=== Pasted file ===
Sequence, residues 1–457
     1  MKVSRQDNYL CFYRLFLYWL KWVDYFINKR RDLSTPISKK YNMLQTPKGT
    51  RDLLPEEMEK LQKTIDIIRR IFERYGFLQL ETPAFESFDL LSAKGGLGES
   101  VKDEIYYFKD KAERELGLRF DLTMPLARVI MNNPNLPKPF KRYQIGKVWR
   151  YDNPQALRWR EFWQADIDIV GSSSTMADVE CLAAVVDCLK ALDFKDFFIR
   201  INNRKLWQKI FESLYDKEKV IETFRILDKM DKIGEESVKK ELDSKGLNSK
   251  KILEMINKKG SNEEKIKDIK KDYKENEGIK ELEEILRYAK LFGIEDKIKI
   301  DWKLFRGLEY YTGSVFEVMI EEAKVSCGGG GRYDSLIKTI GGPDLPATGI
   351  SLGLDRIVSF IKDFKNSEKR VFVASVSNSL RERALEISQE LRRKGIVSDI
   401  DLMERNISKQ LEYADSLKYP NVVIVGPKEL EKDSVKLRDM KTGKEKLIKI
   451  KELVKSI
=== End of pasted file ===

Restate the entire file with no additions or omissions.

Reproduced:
Sequence, residues 1–457
     1  MKVSRQDNYL CFYRLFLYWL KWVDYFINKR RDLSTPISKK YNMLQTPKGT
    51  RDLLPEEMEK LQKTIDIIRR IFERYGFLQL ETPAFESFDL LSAKGGLGES
   101  VKDEIYYFKD KAERELGLRF DLTMPLARVI MNNPNLPKPF KRYQIGKVWR
   151  YDNPQALRWR EFWQADIDIV GSSSTMADVE CLAAVVDCLK ALDFKDFFIR
   201  INNRKLWQKI FESLYDKEKV IETFRILDKM DKIGEESVKK ELDSKGLNSK
   251  KILEMINKKG SNEEKIKDIK KDYKENEGIK ELEEILRYAK LFGIEDKIKI
   301  DWKLFRGLEY YTGSVFEVMI EEAKVSCGGG GRYDSLIKTI GGPDLPATGI
   351  SLGLDRIVSF IKDFKNSEKR VFVASVSNSL RERALEISQE LRRKGIVSDI
   401  DLMERNISKQ LEYADSLKYP NVVIVGPKEL EKDSVKLRDM KTGKEKLIKI
   451  KELVKSI